The concept design developed by Studio Gang lends a new, highly visible architectural identity to the Arts Center. Reorganizing and ordering the current program and architectural envelope, Studio Gang has designed a pleated, organic architecture that connects the new north-facing city entrance with the new glass pavilion and south-facing park entrance to create an open axis public gallery through the building, connecting the program components of the AAC.

“Starting from the inside out, the design clarifies the organization of the building and extends its presence into MacArthur Park and out to Crescent Lawn,” said Gang. “By doing so, the Center becomes a vibrant place for social interaction, education, and appreciation for the arts.”

Throughout the project, sustainable practices are being applied in both the materials and mechanical systems of the building and the landscape elements featuring native plants and rainwater reclamation.

The Arts Center’s transformation will also extend to MacArthur Park, bringing new outdoor amenities to the park. Herman and Orff presented a vision of the Arkansas Arts Center as a “museum within the forest.” Drawing inspiration from Little Rock’s unique regional ecologies – including the banks of Fourche Creek, the bluffs of Emerald Park, and the agrarian landscapes of the Mississippi Delta – the landscape design features inviting outdoor spaces that contribute to AAC’s emerging role as a cultural beacon for Arkansas.

New public plazas and gardens at the north and south entrances of the Arts Center will foster deeper connections with the park. Planted groves along the west side of the building will create a forested edge that blends into the park. A framework of new trees will, over time, merge with the existing canopy to form a park forest.

“The site design will rejuvenate and expand the connection between the AAC to MacArthur Park, welcome and orient the Little Rock community to the grounds and weave native regional landscape forms into the existing park,” Orff said.

The construction budget is $70 million coming from a combination of public and private funds, with groundbreaking scheduled for fall 2019. The project is anticipated to be completed in early 2022. During construction, the Arts Center is working with arts partners to provide programming in locations throughout the city. The “Arts Center Outside the Box” idea will allow staff to explore new programs in new spaces while still offering some of its favorite programs.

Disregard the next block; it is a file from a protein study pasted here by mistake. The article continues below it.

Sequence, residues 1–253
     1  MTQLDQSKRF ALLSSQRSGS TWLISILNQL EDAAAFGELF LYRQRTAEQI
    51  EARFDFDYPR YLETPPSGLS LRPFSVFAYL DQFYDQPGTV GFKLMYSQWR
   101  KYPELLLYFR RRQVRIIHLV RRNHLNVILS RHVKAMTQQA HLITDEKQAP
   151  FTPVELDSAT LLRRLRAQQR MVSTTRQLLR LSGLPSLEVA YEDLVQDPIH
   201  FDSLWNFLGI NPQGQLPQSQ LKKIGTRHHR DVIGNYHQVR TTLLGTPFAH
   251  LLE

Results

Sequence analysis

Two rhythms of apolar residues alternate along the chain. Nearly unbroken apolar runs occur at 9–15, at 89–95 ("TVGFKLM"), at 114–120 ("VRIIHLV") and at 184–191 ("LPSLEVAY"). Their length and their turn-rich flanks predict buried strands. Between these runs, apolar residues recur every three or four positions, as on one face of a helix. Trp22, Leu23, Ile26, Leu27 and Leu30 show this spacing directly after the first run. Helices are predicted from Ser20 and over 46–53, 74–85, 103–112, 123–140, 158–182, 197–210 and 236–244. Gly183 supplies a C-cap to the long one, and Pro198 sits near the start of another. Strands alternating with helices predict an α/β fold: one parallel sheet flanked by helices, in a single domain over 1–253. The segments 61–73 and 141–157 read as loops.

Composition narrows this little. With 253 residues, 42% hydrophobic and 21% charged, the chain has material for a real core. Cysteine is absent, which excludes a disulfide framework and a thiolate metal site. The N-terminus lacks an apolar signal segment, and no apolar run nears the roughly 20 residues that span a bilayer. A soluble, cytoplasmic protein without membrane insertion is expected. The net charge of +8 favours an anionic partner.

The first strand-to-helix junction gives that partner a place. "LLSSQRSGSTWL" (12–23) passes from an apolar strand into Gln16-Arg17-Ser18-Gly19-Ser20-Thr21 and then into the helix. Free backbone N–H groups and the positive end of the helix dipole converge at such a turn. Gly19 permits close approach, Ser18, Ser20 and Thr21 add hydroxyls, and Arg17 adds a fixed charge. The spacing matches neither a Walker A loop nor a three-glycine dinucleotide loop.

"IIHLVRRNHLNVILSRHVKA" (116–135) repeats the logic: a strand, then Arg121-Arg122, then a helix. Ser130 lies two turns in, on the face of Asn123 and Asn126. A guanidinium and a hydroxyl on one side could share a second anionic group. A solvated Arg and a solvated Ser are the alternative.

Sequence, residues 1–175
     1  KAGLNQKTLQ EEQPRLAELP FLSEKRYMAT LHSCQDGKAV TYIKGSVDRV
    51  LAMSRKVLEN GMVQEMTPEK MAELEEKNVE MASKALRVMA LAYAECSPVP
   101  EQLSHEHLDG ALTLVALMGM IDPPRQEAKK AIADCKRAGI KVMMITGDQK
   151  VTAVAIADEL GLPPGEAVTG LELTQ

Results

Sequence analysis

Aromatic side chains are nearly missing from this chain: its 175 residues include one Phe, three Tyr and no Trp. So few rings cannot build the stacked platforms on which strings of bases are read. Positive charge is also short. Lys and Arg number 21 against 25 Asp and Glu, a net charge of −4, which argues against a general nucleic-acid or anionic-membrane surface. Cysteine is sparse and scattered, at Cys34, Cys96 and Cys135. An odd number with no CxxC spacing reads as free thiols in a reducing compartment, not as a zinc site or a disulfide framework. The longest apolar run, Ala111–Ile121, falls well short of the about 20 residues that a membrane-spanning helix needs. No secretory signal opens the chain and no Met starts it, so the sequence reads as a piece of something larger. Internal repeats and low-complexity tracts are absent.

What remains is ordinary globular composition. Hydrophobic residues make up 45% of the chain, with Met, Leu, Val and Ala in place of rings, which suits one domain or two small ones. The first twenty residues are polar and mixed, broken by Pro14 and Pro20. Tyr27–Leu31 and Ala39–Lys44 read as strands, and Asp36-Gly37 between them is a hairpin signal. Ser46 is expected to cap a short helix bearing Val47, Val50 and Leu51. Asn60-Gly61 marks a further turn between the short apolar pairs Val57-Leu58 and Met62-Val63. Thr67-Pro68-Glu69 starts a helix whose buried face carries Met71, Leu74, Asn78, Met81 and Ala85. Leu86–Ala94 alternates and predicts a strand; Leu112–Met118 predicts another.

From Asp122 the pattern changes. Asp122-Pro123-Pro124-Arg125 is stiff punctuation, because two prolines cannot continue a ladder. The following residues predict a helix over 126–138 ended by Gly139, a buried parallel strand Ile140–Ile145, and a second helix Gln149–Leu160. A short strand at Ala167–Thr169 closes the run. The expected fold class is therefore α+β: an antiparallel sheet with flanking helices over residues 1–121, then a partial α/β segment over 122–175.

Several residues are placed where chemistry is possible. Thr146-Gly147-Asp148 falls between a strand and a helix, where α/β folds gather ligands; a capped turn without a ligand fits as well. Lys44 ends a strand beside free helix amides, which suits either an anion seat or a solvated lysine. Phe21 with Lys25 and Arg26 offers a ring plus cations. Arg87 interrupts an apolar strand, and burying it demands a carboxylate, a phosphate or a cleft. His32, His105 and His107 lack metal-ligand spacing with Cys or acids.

“In addition to adding to the quality of life and increasing educational opportunities in our community, arts institutions add to the economic vitality of a city,” Herman said. “More people visited art museums in the United States last year than attended every NFL and NBA game combined. In two recent studies conducted by the American Alliance of Museums, data shows that museums contribute $50 billion to the U.S. economy and generate more than $12 billion a year in tax revenue. We expect that this project will set Little Rock apart from similar sized cities and be an essential partner in building our economic future.”

In February 2016, Little Rock residents voted in favor of bonding the revenue from a 2 percent tax on lodging paid primarily by out of town visitors for the benefit of the Arkansas Arts Center, the MacArthur Museum of Arkansas Military History and Historic MacArthur Park. The Arkansas Arts Center has undergone eight additions since its 1937 opening as the Museum of Fine Arts. Renamed the Arkansas Arts Center in 1960, the organization accepted a renewed mission to serve the entire state. The renovated building will continue to serve the community with the Museum, Museum School, Children’s Theatre and Statewide ArtsReach Programs. The most recent addition to the facility was in 2001.

Studio Gang was selected as design architect out of five finalist firms in December 2016 due to their elegant and smart approach to architecture, understanding of the issues posed by the AAC’s current facility, vision for the Arts Center as a cultural beacon for Central Arkansas, and commitment to sustainability and strength as urban planners.

Studio Gang is an architecture and urban design practice based in Chicago, New York, and San Francisco. Founded by Architect and MacArthur Fellow Jeanne Gang and recognized internationally for a design process that foregrounds the relationships between individuals, communities, and environments, Studio Gang produces award-winning work that ranges in scale from the 82-story Aqua Tower to the 14-acre Nature Boardwalk at Lincoln Park Zoo. Recent projects include the new United States Embassy in Brasilia, Brazil; a unified campus for the California College of the Arts in San Francisco, California; and an expansion to the American Museum of Natural History in New York City. Intertwined with its built work, Studio Gang develops research and related projects such as publications, exhibitions, and events that push design’s ability to create public awareness and lead to change – a practice Jeanne calls “actionable idealism.” These include Civic Commons, a multi-city project reimagining public buildings across the United States, and Reverse Effect, an advocacy publication produced to spark a greener future for the Chicago River. This is Studio Gang’s first project in Arkansas.

SCAPE is a design-driven landscape architecture and urban design studio based in New York. They believe landscape architecture can enable positive change in communities through the creation of regenerative living infrastructure and public landscapes. SCAPE works to integrate natural cycles and systems into environments across all scales, from the urban pocket-park to the regional ecological plan. They do this through diverse forms of landscape architecture – built landscapes, planning frameworks, research, books, and installations – with the ultimate goal of connecting people to their immediate environment and creating dynamic and adaptive landscapes of the future.